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Opening a Folder from the Dock

Sick of the dock on Mac OS X Leopard not being able to open folders with a simple click, like sanity demands and like it used to be in Tiger? You can, of course click it, and then click again on Open in Finder, but that's twice as many clicks as it used to be. (And while you're at it, Control-click the folder, and choose both Display as Folder and View Content as List from the contextual menu. Once you have the content displaying as a list, there's an Open command right there, but that requires Control-clicking and choosing a menu item.) The closest you can get to opening a docked folder with a single click is Command-click, which opens its enclosing folder. However, if you instead put a file from the docked folder in the Dock, and Command-click that file, you'll see the folder you want. Of course, if you forget to press Command when clicking, you'll open the file, which may be even more annoying.

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Mac OS X 10.7.5 Lion

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Apple brings an added measure of security to Mac OS X Lion with the inclusion of Gatekeeper in the Mac OS X 10.7.5 update. (If you haven't been keeping up with Gatekeeper or other new features included in 10.8 Mountain Lion, see Rich Mogull’s “Gatekeeper Slams the Door on Mac Malware Epidemics,” 16 February 2012.) Note, however, that Gatekeeper isn’t called out very visibly on the Security and Privacy preference pane in System Preferences. You’ll find it in the General pane under “Allow applications downloaded from,” with “Mac App Store and identified developers” being the default setting. The update also resolves an issue where icons in Launchpad could be rearranged after a restart, improves Wi-Fi reliability for iMac models released in 2009 or later, fixes an issue using Spotlight to search an SMB server, and improves compatibility with Active Directory servers. It’s available via Software Update (894.3 MB) or via direct download in two flavors — a Client version for those running 10.7.4 (1.14 GB) and a Client Combo version for those running previous versions of Lion (1.91 GB). (Free update)


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Comments about Mac OS X 10.7.5 Lion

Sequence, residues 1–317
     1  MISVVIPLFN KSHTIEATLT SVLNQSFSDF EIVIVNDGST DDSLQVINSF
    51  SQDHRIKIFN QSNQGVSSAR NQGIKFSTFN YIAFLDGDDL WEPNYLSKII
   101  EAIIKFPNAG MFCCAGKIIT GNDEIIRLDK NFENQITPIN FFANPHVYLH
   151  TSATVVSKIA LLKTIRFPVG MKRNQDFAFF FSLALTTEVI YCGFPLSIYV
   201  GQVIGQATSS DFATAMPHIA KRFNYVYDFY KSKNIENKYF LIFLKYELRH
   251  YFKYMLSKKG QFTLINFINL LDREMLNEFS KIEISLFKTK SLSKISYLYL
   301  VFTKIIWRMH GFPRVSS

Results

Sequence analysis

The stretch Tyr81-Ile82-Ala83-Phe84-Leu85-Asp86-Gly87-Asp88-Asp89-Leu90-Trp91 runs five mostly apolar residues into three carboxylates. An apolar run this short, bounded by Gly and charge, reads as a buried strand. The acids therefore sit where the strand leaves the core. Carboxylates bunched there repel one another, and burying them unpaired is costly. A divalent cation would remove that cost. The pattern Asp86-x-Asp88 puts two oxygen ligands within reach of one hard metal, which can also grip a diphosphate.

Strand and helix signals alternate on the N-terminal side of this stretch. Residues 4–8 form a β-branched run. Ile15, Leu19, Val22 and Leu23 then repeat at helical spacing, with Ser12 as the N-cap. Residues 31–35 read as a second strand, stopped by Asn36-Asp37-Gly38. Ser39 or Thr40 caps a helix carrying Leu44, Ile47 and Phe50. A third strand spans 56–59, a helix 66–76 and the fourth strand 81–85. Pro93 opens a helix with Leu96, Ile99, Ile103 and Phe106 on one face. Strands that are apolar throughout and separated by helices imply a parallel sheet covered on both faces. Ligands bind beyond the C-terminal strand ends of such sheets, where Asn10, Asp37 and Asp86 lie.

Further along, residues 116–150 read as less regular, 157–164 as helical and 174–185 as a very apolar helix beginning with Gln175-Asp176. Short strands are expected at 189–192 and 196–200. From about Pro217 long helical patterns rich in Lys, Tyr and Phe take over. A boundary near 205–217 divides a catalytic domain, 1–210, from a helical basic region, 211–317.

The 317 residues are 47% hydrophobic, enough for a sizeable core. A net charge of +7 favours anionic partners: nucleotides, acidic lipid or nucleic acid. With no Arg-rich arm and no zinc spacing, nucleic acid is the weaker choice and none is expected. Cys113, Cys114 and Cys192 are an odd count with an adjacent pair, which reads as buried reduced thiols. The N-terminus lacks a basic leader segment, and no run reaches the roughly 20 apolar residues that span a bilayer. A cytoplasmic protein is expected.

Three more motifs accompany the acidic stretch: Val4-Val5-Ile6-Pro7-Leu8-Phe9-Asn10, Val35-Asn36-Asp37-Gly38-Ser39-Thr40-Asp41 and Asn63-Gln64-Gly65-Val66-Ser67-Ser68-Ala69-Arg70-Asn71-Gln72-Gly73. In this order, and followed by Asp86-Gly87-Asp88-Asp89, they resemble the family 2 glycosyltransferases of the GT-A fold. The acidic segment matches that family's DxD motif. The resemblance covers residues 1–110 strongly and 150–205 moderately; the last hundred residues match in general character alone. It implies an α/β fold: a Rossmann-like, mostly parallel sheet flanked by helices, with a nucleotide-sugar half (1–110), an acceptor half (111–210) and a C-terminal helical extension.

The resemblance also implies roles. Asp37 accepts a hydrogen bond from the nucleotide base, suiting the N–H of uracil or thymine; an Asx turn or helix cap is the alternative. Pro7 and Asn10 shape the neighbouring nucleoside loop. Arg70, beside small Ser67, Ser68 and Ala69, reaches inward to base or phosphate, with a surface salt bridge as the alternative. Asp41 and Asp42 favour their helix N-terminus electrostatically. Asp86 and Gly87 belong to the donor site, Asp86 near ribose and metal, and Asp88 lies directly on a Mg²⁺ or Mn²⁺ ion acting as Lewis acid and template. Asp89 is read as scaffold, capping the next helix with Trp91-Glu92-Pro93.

(Comments are closed.)

The control is actually in System Preferences - Security & Privacy - General . Allow applications from anywhere is the default on my 10.7.5 update.
Jeff Weber  2012-09-20 19:02
Nothing but problems with this update. Running on 15 inch mid-2010 MacBook Pro. After I installed the 10.7.5 update, the system started dropping network shares and applications were freezing all over the place. Re-installed 10.7.4 and now everything is running smoothly again.
10.7.5 is defective. Apple Customer Service had no pre-notice of its release.
2008 Mac Pro 3.2 GHz Dual Quad-Core; 2 Nvidia GeForce 8800 GT video cards driving 4 Dell UltraSharp 20" monitors; monitors used in vertical orientation.
After 10.7.5 load, Mac Pro crashed on startup until PRAM was reset. After PRAM was reset 1 of 8800's will only feed its 2 monitors in horizontal orientation; a reset of the display preferences for these two monitors results in the monitors going black. 16 secs after going dark the two monitors reappear with horizontal orientation.
No known fix.
After upgrading to 10.7.5 (MacPro 5.1 dual 2.93 6 core) sync (apparently) is screwed up on 2nd monitor; have to disconnect and then reconnect monitor and then all is well.
d.sprinter  2012-10-04 22:04
Yes, I too have had all kinds of problems with 10.7.5. I had so many problems that I had to roll back to 10.7.4. (Fortunately, I still the 10.7.2 installer, since when I erased my hard drive and tried to install 10.7.5 from scratch.) Apparently, there is a new Supplemental Update, but you don’t need it if you have 10.7.5 Build 11G56. When I check my build for 10.7.4, I see I have Build 11E53.

Does anyone know how to get Build 11G56? Or does our machines only download certain builds? After rolling back to 10.7.4, I don’t want to deal with installing 10.7.5, and then a supplement, only to find out that I still have problems.

Is there any way to check a dmg for build version?